The third embodiment of the method of the present invention will now be described with reference to FIGS. 4A to 4E. In this embodiment, a sacrificial layer of photoresist is employed on the back side of the silicon nitride membrane structure 10. A sacrificial silicon nitride membrane structure 10 is first provided as shown in FIG. 4A. Next, a sacrificial photoresist layer 160 is applied to the back of the silicon nitride membrane structure 10 as shown in FIG. 4B. In particular, the sacrificial photoresist layer 160 follows the contours of the back of the silicon nitride membrane structure 10, including the remaining portions of the back silicon nitride layer 110 b, the side walls 102 of the etched silicon wafer 100, and the back surface of the front silicon nitride layer 110 a. If the sacrificial silicon nitride membranes 140 have a relatively large area (that is, an area greater than or equal to about (100 μm)2), the sacrificial photoresist layer 160 is preferably applied by spin coating it onto the back of the silicon nitride membrane structure 10. If the sacrificial silicon nitride membranes 140 have a relatively small area (that is, an area less than about (100 μm)2), the sacrificial photoresist layer 160 is preferably applied by spraying it onto the back of the silicon nitride membrane structure 10, although the sacrificial photoresist layer 160 may also be applied by spin coating it onto the back of the silicon nitride membrane structure 10 (which may result in a relatively thick substrate). In either case, and as in the second embodiment, the photoresist layer 160 is not exposed to any light that would normally expose it during the subsequent processing. As shown in FIG. 4C, the entire front silicon nitride layer 110 a is then removed using the techniques described above (e.g., the RIE process), the removal process being stopped at the sacrificial photoresist layer 160. A thin metal film 200 may then be deposited on the front side of the structure, including the remaining portions of the etched silicon wafer 100 and the portions of the photoresist layer 160 revealed by the removal of the front silicon nitride layer 110 a, by known techniques as shown in FIG. 4D. After deposition of the thin metal film 200, the photoresist layer 160 is then removed as shown in FIG. 4E. Preferably, the removal of the photoresist layer 160 is accomplished by flood exposing the entire photoresist layer 160 and then removing the flood exposed photoresist layer 160 with a developer solvent and rinsing with water as described above. Again, the result is one or more (depending on the number of corresponding sacrificial silicon nitride membranes provided in the sacrificial silicon nitride structure 10) free-standing thin metal films 210, each of which is unsupported by any auxiliary substrate over a predetermined area defined at its periphery by the remaining portions of the etched silicon wafer 100. This third embodiment is particularly advantageous in that it may provide a stronger supporting structure around the periphery of the free-standing thin metal film 210 because the adhesion of the thin metal film directly to the silicon wafer is usually stronger than the adhesion of the thin metal film to an intermediate photoresist layer as in the second embodiment. In addition, this third embodiment has the final structure does not contain any. organic materials, which is desirable in some applications.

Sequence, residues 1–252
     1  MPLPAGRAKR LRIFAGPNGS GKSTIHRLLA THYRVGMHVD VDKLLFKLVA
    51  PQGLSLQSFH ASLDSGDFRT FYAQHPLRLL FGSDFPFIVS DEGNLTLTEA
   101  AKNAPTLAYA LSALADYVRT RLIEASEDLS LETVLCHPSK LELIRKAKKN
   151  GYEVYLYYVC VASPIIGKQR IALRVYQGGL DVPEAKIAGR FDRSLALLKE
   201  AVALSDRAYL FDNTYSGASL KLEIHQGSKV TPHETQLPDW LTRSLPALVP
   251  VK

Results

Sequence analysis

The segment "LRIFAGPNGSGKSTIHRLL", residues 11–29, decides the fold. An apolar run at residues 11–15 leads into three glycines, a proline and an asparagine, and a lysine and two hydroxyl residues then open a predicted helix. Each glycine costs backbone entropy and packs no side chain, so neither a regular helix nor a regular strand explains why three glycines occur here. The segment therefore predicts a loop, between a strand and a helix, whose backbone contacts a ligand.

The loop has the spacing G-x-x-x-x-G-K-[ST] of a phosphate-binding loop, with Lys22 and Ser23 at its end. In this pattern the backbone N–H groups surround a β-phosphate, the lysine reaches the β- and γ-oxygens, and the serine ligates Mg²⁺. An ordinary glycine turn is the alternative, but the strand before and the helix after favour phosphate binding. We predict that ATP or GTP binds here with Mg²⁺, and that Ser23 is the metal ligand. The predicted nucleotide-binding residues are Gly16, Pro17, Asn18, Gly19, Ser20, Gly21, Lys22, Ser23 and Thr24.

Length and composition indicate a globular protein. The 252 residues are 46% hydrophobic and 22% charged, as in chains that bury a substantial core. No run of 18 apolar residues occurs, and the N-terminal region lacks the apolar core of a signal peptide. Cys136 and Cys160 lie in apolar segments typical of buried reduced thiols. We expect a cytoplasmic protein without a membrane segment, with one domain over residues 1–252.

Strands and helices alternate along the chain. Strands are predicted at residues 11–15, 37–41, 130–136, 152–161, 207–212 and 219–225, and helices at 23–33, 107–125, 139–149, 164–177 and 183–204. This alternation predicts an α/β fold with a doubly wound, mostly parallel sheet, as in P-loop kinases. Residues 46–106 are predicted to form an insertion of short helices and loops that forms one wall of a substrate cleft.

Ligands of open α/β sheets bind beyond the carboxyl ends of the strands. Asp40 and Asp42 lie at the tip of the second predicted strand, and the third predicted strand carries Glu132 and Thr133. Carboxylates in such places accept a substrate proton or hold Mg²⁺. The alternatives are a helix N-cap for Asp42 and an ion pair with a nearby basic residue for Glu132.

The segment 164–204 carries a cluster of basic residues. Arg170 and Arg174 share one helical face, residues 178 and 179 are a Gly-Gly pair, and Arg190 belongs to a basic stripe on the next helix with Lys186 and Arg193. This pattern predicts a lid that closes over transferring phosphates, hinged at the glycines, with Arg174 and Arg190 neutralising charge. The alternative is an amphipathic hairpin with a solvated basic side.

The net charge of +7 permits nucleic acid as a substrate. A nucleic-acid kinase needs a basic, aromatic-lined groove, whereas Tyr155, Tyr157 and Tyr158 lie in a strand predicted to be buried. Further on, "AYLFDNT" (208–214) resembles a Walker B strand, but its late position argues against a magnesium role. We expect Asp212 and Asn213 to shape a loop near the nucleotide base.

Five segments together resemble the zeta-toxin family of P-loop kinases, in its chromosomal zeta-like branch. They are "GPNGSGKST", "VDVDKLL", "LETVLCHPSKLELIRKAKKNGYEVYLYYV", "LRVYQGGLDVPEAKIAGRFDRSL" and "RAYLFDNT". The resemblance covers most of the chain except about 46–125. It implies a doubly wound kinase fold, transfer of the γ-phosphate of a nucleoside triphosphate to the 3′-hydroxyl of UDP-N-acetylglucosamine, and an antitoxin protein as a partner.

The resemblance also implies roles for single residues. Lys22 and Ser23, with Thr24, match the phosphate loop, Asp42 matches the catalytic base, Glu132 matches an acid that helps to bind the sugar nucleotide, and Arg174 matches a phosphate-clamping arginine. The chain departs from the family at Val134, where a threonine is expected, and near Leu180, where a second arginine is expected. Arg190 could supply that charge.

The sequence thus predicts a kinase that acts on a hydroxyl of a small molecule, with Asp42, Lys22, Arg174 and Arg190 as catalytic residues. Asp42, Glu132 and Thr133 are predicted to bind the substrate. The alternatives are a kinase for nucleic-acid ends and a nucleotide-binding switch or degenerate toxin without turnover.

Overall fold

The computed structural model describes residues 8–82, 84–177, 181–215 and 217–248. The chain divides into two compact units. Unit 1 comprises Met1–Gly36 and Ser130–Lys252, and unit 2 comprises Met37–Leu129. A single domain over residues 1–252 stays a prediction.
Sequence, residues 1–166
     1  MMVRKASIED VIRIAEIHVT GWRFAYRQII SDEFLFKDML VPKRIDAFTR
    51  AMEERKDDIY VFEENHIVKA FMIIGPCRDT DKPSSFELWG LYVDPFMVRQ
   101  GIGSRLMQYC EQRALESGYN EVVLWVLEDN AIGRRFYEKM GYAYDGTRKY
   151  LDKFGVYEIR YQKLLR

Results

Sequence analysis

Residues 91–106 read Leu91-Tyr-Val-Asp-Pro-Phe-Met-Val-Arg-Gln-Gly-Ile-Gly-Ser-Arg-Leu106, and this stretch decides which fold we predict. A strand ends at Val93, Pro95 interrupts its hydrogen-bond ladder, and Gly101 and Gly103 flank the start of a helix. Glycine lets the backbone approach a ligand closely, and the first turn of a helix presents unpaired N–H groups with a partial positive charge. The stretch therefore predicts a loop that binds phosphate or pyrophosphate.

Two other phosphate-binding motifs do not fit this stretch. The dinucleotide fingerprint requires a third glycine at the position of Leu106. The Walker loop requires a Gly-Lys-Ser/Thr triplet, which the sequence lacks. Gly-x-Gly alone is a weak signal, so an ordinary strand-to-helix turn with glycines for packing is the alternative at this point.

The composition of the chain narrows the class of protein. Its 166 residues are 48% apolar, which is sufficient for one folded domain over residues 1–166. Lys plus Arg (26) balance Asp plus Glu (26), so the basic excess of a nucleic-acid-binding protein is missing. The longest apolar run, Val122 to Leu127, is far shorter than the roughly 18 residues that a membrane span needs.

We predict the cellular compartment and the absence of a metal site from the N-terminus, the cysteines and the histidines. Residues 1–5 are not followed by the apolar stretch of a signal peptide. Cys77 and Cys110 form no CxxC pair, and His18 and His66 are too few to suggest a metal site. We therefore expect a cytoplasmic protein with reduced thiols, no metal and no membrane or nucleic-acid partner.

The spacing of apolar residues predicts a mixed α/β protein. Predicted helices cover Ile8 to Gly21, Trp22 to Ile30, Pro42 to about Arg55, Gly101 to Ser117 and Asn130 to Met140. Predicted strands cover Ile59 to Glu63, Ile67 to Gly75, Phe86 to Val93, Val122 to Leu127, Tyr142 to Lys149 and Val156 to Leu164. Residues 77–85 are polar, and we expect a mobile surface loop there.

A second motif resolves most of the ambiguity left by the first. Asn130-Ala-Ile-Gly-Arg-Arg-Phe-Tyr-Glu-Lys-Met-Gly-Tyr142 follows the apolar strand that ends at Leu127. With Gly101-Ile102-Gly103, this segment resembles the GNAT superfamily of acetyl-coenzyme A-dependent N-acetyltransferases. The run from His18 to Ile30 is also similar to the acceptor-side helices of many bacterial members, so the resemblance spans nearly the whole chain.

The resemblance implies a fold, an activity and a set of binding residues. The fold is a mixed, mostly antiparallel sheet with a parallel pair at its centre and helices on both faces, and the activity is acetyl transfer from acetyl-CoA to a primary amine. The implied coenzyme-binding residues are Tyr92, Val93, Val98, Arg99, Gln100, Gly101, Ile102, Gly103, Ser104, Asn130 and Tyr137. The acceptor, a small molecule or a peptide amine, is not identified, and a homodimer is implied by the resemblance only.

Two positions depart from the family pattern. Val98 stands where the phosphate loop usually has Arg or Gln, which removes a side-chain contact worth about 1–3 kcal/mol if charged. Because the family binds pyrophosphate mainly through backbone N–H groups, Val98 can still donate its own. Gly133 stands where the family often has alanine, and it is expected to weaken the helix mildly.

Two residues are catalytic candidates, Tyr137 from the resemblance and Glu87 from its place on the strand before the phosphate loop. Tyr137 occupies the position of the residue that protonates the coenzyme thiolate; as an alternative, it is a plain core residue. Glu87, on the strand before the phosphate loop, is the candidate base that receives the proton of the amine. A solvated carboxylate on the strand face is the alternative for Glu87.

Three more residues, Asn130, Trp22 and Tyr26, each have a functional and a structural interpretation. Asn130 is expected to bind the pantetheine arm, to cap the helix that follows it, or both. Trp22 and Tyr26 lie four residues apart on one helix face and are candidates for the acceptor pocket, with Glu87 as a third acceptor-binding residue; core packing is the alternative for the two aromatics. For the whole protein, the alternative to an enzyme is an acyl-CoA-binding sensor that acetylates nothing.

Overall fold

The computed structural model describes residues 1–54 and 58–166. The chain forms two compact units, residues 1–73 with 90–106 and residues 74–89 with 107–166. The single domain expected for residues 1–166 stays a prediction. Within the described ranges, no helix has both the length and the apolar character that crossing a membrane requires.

In addition to thin metal films, the second and third embodiments described above may be useful for preparing thin films of materials that are insoluble in the photoresist developer or water. These materials may be other polymers, semiconductors, amorphous silicon, ceramics, or composites.

Furthermore, patterned free-standing thin metal films may be fabricated according to the above-described methods of the present invention. The patterning may be accomplished before or after the sacrificial layers or membranes are removed.

While there has been described and illustrated various methods for fabricating freestanding thin metal films, it will be apparent to those skilled in the art that variations and modifications are possible without deviating from the spirit and broad teachings of the invention which shall be limited solely by the scope of the claims appended hereto.

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Classifications
U.S. Classification438/619, 438/977, 438/978, 438/611, 438/628
International ClassificationB81B3/00
Cooperative ClassificationY10S438/977, Y10S438/978, B81C1/00595, B81B3/0035
European ClassificationB81C1/00F8G, B81B3/00K